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Automotive IMU

At the recent MEMS Executive Congress, Bosch Automotive announced a new 6-axis automotive IMU. It’s not for use as part of the automotive control systems, but rather for the “infotainment” infrastructure – the so-called center stack – and other non-safety-critical applications.

It may not be obvious that Bosch has two different sensor groups. There’s an automotive group which focuses strictly on – you guessed it – cars; then there’s Bosch Sensortec, which handles other consumer and industrial sensors. (There’s also Bosch Akustica for microphones.) So… does this mean that Bosch Automotive is off in its private silo inventing its own sensors independently of Bosch Sensortec?

No; according to them, the automotive market actually isn’t large enough compared to phones and other consumer goods to justify that. The IMU that Bosch Automotive has announced actually came from Bosch Sensortec. Does this mean that it’s just a rebranding of an old part?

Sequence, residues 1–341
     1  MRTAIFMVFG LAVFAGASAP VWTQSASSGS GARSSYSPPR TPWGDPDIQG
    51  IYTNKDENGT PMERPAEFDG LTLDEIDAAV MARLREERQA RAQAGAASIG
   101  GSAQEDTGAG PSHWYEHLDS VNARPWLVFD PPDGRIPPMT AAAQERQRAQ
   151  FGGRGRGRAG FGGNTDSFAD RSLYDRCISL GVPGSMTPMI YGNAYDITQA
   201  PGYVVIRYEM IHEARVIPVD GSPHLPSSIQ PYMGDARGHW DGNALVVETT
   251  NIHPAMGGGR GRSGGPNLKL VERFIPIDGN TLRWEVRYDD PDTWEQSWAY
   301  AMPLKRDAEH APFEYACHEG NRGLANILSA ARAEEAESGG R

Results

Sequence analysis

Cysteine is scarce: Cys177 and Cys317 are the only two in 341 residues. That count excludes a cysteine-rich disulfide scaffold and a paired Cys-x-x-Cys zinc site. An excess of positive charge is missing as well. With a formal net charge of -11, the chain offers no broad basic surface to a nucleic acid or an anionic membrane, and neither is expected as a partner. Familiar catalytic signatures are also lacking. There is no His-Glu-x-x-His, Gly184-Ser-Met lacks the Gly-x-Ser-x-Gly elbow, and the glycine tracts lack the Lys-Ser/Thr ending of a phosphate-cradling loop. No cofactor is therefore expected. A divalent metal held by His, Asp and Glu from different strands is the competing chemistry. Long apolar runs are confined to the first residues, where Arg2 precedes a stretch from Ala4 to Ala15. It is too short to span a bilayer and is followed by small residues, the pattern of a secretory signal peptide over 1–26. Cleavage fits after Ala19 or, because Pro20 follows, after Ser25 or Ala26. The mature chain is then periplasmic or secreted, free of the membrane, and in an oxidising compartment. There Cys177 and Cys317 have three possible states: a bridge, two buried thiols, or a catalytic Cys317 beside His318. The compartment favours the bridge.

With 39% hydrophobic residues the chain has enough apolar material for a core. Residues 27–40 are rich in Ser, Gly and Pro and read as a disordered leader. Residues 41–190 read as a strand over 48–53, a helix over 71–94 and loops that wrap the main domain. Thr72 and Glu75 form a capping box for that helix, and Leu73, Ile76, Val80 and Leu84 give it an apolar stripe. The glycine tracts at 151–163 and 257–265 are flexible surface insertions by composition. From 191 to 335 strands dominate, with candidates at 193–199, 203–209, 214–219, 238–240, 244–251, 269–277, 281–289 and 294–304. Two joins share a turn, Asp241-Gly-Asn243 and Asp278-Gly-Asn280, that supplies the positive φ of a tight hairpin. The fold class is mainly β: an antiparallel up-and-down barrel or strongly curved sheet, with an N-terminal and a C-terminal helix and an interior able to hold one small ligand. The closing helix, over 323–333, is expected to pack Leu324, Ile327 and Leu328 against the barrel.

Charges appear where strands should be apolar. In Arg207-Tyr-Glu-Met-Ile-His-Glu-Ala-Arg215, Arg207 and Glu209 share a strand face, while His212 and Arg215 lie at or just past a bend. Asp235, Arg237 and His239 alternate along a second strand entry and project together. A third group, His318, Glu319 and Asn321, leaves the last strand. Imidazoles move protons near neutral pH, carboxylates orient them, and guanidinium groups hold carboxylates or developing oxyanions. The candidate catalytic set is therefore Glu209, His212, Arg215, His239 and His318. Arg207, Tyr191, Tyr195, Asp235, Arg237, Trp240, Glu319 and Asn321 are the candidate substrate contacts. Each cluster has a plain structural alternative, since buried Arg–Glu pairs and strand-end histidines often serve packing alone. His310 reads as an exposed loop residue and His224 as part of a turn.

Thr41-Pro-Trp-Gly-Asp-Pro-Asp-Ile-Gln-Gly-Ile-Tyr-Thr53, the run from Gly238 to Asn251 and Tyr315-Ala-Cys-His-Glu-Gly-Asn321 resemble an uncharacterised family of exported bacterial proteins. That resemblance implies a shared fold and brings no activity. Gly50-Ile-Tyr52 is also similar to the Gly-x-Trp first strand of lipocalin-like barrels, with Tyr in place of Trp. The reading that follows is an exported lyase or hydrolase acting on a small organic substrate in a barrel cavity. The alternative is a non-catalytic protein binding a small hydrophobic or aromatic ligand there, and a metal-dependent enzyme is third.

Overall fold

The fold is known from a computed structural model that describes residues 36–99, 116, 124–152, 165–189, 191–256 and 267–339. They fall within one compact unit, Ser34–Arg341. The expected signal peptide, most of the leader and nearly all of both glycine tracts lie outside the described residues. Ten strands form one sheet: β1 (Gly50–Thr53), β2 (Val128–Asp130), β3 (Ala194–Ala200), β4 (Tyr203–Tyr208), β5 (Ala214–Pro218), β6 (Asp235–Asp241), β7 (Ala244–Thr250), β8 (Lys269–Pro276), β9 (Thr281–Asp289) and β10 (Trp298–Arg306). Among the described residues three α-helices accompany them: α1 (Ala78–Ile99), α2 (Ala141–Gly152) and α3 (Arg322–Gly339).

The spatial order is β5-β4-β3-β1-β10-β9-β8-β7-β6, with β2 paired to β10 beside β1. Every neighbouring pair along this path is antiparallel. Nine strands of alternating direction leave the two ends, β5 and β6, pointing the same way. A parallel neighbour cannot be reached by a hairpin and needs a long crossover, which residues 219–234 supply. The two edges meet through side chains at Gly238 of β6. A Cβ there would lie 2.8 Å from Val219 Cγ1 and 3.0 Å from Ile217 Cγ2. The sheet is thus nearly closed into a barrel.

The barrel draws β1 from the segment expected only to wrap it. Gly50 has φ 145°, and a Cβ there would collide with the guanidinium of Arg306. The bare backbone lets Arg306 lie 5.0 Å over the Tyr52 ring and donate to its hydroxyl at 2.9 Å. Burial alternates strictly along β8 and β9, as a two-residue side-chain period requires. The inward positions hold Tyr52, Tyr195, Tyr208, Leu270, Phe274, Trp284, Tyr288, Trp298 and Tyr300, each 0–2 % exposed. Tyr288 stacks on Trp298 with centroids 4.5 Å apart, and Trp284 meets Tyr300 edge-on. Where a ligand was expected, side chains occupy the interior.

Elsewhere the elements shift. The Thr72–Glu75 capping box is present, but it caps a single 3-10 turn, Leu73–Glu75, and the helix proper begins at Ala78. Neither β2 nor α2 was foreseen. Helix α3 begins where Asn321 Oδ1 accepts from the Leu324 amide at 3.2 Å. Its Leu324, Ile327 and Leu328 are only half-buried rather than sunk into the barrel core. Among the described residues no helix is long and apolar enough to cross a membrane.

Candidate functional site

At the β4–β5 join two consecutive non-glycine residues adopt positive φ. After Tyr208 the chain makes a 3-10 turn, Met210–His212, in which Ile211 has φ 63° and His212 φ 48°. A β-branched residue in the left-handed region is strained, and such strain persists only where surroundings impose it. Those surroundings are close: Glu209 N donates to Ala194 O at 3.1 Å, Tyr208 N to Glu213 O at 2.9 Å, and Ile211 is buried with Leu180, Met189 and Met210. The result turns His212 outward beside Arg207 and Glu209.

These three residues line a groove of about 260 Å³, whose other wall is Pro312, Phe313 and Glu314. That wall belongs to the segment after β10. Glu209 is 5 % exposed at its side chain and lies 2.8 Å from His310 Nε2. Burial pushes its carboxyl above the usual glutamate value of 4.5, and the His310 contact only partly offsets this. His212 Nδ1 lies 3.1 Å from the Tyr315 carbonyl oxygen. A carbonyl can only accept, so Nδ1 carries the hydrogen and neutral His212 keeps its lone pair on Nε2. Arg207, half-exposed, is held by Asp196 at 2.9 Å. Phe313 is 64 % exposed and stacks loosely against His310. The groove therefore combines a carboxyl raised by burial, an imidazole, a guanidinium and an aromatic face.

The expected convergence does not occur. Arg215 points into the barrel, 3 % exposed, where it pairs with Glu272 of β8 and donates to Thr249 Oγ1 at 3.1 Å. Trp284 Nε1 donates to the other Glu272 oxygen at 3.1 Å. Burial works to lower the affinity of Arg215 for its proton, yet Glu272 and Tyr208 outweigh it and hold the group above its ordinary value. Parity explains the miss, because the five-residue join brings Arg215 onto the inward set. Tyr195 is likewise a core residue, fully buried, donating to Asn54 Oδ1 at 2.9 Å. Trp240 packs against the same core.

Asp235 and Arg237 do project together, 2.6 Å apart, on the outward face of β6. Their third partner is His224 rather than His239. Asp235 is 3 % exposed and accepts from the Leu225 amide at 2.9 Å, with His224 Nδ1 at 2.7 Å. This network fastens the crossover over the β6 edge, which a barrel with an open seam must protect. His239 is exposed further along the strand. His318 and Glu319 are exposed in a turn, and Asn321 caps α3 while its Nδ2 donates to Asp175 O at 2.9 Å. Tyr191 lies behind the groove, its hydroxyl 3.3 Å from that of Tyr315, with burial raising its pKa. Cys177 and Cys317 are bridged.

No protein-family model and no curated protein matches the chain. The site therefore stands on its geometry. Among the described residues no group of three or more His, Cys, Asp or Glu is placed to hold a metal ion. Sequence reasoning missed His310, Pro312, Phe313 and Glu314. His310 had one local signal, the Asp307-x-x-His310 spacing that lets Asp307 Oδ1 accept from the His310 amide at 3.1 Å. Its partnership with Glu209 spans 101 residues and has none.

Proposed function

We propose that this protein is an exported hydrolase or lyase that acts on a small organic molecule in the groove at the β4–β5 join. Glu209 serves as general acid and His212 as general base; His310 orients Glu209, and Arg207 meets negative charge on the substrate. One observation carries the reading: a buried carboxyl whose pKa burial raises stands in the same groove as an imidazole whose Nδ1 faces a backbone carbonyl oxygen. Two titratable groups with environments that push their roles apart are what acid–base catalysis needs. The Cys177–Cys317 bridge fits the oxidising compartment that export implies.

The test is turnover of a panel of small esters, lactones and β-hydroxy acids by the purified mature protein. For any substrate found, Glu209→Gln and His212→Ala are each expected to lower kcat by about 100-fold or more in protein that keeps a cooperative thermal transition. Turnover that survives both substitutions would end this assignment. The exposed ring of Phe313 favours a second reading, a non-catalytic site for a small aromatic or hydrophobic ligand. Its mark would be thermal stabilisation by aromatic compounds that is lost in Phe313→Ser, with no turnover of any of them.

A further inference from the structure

No; the automotive units have more stringent operating requirements than a consumer unit has. Just going to 125 °C from 85 isn’t trivial. There are also corrosion concerns and the fact that the IMUs must interface with automotive diagnostic systems.

Corrosion can presumably be handled with packaging. Calibration and linearization over a higher temperature range involve changes to the ASIC. The diagnostic interface also resides in the ASIC. So, in reality, we have a Bosch Sensortec IMU with a new ASIC and package.

You can find out more in their release.

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